Friday, 29 July 2016

Picture Book Retreat - Report

The SCBWI Picture Book Retreat this year was another resounding success, with memorable workshops and presentations. Massive thanks to the speakers, and to organisers Loretta Schauer and Anne-Marie Perks. This week, attendee Helen Liston gives her personal view of the weekend.

Thursday, 28 July 2016

Event Report: Industry Insiders: How Does Your Book Get Onto Their Shelves?

Tales on Moon Lane
I had a lovely evening at independent bookshop Tales on Moon Lane last month in Herne Hill, south east London, venue and host of the first SCBWI Industry Insider event of the year. 
by Janey Robinson

20 Years of SCBWI The North West Celebrates: Network News North West

 By Susan Brownrigg

A celebration in a book shop 

Where else would you celebrate 20 years of SCBWI British Isles, but in a bookshop? That’s where the north west region gathered in Waterstones to mark the anniversary.

Wednesday, 27 July 2016

Opening Lines welcomes back Davinia Andrew-Lynch of ANDLYN


What grabs the reader's attention? 

What immediately draws you in and makes you want to read on? 

We are excited to welcome back Davinia Andrew-Lynch from ANDLYN Literary Agency to Opening Lines this month. 

Davinia has taken time out of her busy schedule to offer professional feedback on the opening lines submitted by our brave SCBWIs. 

Monday, 25 July 2016

Small Publishers' Fair in Frome: Inspiring

by Fran Price

When I arrived at Frome's first Small Publishers' Fair on 2nd July, I made a beeline for a man in a trilby - Barry Cunningham of Chicken House - who had just opened the event.

Friday, 22 July 2016

An illustrated book without which...

All illustrators can remember books that have impacted our imaginations and inspired our progress as artists. Bridget Marzo has picked from her bookshelf a title that takes us to a golden world from the mid 20th Century, in the classic compendium Story Land.

Among my over-packed shelves of children's books, old and new, English, American and French, one book stands out like a kind of old teddy bear to me.  It is battered, frayed at the edges and much travelled through time and space.   I truly believe that without this book, I might have been a very different kind of illustrator-author - maybe not one at all. 

The endpapers are a patchwork of watercolour copies of key parts of illustrations from many different stories in the book.
Story Land is a compendium of 48 stories - all from what are now classic US Golden Book titles.  The stunning variety of illustrations by the likes of Garth Williams, Rojanovsky and Mary Blair, were adapted from the smaller Golden Book format to fit in with the generous size of this grand book.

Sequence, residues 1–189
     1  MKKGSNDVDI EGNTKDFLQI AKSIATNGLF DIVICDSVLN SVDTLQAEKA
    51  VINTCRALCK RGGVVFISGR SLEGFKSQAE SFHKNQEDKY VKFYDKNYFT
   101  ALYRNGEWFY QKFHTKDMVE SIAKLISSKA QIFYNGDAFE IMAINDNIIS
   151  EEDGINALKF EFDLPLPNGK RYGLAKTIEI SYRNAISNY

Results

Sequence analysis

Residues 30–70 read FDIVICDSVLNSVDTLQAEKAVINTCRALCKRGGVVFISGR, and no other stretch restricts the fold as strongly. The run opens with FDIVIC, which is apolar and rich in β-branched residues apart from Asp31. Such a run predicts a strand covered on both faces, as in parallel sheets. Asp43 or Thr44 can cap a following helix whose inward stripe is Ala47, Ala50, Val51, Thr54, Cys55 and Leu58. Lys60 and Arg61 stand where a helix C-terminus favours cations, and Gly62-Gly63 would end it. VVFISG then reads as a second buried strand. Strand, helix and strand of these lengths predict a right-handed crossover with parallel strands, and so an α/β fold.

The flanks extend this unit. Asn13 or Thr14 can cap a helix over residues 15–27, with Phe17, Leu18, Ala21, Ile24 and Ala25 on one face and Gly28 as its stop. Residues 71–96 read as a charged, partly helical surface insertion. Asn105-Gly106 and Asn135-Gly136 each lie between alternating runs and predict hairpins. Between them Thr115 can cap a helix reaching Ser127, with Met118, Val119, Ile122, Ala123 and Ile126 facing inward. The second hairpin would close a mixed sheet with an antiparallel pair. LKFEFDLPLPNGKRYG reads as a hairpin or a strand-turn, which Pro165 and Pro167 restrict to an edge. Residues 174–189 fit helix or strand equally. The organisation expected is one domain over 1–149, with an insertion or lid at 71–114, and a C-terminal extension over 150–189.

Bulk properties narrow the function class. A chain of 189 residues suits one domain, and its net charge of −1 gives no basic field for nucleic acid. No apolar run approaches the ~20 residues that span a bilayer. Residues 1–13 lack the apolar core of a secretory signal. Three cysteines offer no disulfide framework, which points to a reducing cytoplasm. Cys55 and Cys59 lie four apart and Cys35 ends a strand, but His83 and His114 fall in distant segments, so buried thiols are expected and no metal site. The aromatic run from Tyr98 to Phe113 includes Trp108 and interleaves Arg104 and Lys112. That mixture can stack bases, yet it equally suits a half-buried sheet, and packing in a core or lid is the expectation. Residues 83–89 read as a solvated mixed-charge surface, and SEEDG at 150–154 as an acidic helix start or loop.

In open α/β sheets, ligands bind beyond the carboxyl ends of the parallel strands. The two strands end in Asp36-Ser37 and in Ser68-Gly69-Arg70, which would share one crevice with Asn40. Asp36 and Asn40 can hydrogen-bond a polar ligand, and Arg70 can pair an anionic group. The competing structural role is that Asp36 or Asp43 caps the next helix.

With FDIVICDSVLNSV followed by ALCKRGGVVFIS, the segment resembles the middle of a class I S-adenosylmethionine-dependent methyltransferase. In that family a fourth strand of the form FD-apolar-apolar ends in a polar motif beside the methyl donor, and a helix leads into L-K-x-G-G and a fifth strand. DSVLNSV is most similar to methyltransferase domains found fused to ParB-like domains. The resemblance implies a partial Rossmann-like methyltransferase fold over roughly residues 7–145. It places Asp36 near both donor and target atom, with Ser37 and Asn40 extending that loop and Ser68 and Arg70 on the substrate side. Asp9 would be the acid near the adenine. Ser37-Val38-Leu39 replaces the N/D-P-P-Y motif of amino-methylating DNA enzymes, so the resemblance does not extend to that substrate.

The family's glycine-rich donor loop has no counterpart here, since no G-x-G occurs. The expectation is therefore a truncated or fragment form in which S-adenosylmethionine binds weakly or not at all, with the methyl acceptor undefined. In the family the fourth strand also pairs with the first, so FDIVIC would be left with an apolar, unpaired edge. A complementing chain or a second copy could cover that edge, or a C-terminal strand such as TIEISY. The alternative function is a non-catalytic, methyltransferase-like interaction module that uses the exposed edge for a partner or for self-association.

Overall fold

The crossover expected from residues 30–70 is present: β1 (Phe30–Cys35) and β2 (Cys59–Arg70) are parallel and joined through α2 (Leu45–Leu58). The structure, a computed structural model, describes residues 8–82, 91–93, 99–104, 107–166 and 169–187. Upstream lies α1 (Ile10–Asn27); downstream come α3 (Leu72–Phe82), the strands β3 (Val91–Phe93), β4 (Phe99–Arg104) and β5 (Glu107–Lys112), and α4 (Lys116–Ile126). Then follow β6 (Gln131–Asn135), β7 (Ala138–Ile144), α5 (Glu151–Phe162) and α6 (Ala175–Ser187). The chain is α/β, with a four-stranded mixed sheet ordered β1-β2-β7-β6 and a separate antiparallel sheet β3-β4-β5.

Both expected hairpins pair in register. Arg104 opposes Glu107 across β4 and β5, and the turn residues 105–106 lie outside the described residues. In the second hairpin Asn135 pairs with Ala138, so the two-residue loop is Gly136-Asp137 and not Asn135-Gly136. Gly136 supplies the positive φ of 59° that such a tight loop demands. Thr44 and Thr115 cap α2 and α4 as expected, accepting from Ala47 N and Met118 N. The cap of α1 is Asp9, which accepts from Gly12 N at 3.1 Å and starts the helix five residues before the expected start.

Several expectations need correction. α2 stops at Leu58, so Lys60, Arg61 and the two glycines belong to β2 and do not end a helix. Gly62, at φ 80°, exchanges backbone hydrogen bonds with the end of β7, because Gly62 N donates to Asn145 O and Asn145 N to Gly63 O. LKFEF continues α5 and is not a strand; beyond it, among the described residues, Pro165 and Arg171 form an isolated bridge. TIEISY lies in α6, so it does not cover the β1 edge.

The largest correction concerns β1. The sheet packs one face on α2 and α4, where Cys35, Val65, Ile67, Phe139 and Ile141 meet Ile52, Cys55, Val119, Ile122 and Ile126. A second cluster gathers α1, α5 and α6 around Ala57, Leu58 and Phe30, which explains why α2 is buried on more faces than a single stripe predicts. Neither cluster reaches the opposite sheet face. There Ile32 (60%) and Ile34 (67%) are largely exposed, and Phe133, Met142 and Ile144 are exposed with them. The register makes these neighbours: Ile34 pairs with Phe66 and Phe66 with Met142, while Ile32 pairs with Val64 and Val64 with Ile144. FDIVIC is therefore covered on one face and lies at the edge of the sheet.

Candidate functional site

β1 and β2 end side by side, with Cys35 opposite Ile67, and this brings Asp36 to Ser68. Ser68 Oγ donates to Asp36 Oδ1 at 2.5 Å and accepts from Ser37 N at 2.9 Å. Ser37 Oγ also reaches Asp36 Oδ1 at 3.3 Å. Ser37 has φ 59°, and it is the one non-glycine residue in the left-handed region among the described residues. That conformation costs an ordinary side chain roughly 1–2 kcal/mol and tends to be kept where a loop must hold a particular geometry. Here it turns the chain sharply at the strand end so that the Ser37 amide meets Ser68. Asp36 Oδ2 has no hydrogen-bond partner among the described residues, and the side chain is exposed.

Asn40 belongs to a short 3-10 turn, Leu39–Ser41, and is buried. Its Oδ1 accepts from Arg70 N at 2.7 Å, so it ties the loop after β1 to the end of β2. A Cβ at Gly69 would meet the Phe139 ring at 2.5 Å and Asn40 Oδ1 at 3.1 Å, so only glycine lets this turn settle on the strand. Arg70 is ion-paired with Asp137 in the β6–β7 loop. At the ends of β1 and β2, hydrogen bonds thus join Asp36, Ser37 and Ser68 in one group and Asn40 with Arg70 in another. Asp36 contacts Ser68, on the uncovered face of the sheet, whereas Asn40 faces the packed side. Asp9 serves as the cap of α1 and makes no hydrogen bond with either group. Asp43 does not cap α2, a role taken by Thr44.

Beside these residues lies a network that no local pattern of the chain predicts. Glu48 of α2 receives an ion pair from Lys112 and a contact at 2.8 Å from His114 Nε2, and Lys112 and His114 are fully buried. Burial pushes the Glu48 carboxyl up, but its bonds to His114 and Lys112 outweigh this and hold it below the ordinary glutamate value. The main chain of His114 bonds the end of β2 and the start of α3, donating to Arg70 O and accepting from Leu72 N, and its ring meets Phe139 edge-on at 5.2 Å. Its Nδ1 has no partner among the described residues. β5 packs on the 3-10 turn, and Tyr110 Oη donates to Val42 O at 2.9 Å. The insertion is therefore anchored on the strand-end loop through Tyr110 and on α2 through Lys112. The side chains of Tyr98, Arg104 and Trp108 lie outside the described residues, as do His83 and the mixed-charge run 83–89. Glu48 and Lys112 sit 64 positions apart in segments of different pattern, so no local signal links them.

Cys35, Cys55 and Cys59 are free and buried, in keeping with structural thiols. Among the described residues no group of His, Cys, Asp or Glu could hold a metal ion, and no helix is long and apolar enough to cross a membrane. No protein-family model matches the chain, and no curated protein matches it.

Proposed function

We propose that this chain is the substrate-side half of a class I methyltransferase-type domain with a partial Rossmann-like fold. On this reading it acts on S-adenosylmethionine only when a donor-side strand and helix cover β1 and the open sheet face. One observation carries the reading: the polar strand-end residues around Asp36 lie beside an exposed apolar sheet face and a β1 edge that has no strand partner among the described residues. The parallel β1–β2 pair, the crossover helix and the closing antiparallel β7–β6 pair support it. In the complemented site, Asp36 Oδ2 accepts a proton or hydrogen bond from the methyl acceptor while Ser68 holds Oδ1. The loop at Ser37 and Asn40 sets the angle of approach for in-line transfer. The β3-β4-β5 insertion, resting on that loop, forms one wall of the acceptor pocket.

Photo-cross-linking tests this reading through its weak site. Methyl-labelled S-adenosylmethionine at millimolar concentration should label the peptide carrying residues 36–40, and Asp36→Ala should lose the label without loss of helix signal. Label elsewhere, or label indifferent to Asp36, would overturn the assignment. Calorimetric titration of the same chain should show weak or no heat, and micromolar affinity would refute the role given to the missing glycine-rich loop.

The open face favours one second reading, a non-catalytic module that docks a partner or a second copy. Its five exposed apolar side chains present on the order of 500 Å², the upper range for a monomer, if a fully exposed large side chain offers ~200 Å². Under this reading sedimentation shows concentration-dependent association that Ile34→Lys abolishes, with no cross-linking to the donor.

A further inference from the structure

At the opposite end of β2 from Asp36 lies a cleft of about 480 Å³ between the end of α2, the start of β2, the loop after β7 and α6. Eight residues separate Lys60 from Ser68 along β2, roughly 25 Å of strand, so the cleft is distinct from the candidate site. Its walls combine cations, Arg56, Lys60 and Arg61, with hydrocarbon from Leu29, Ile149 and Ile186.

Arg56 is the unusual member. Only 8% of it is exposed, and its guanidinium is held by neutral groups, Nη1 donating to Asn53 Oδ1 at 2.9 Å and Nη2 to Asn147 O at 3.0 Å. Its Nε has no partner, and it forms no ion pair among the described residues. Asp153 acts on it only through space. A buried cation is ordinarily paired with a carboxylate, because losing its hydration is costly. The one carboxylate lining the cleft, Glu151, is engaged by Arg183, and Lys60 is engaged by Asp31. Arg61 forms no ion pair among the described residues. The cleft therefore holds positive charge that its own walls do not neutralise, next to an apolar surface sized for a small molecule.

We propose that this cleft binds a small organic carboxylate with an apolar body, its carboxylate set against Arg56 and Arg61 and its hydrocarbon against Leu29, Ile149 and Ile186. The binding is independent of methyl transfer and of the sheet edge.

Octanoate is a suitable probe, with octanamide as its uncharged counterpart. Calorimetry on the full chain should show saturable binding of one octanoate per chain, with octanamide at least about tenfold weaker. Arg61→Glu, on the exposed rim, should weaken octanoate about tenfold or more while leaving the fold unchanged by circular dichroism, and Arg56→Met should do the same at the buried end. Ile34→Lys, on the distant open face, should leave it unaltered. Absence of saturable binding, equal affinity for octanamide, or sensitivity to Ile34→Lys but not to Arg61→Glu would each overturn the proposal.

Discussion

As a child I lived in its hugely diverse world of pictures. I read the pictures first, in fact, then taught myself to read the words that went with them.

Mary Blair's inventive illustrations to Ruth Kraus's wonderfully simple rhyming text A BIRD CAN FLY, SO CAN I
Then, when first learned joined-up writing I was inspired (ahem!) to write "for children" on the title page.

 So central and comforting were the pictures that even as an older child, I returned to look at the pictures in it, especially when I was sick in bed and couldn't face reading. 

Much later, when I started creating books of my own - and when I still want to rinse my eyes - I'll go back to it.  It's not just that it's a passport to my childhood.  I relish its variety  - a gorgeous smorgasbord of art by innovative and skilled Golden Books illustrators, several of whom were immigrants from war-torn Europe.   The children's book historian and author Leonard Marcus has written fascinatingly about how these popular kids' books transformed the US children's book industry and culture in his well-illustrated book, The Golden Legacy. 

To give you a taste of different styles and approaches - just look at these trains from 3 different stories in Story Land.

An inside/ outside view that fascinated me as a child - illustration by Tibor Gergely to  Seven Little Postmen by Margaret Wise Brown
A playful and non-perspectival use of space - JP Miller's illustration to THE MARVELLOUS MERRY-GO-ROUND by Jane Werner made me want to push that train along.

Feodor Rojanovsky's lively illustration to George Duplaix's story GASTON AND JOSEPHINE

When I started out, like many illustrators,  I used to worry about style.   Now I baulk at maintaining a branded style as if that is what really matters in creating for children.  What matters to me is getting the characters and their world right so that the book jumps out and its function is clear. And for that I need to find the most appropriate visual language and materials for the book in hand. I know, it is also a great excuse to go to the art shop and try out the latest gear!

Liberation from the ‘style trap’ came when my French art director told me that what matters is not style but having a strong voice - an underlying tone or feeling that comes out of us without our being aware of it - and is revealed by what we like and our choices.   What do you pick up first in a bookshop?  Dark or light stories - realistic,  or surreal, down to earth,  fantastical?  Liking one or several of these is just one small indication of that complex and unique voice of yours.

Back to Storyland  -  for all its variety of styles and approaches,  there is a love of the everyday in all its aspects, relationships between characters and their many feelings and expressions, plus an energy, playfulness, a genuine warmth.
I love how the title is illustrated here!
I brought it out to show at my monthly picture book crit group recently. And it turned out that Storyland was also a seminal book for my talented friend and fellow author and illustrator, Layn Marlow.  That makes two of us who might have done something quite different without it!

Eloise Wilkin

Do you have a book on your shelf that inspired you as an illustrator? We love to showcase members' inspirations, so do get in touch!!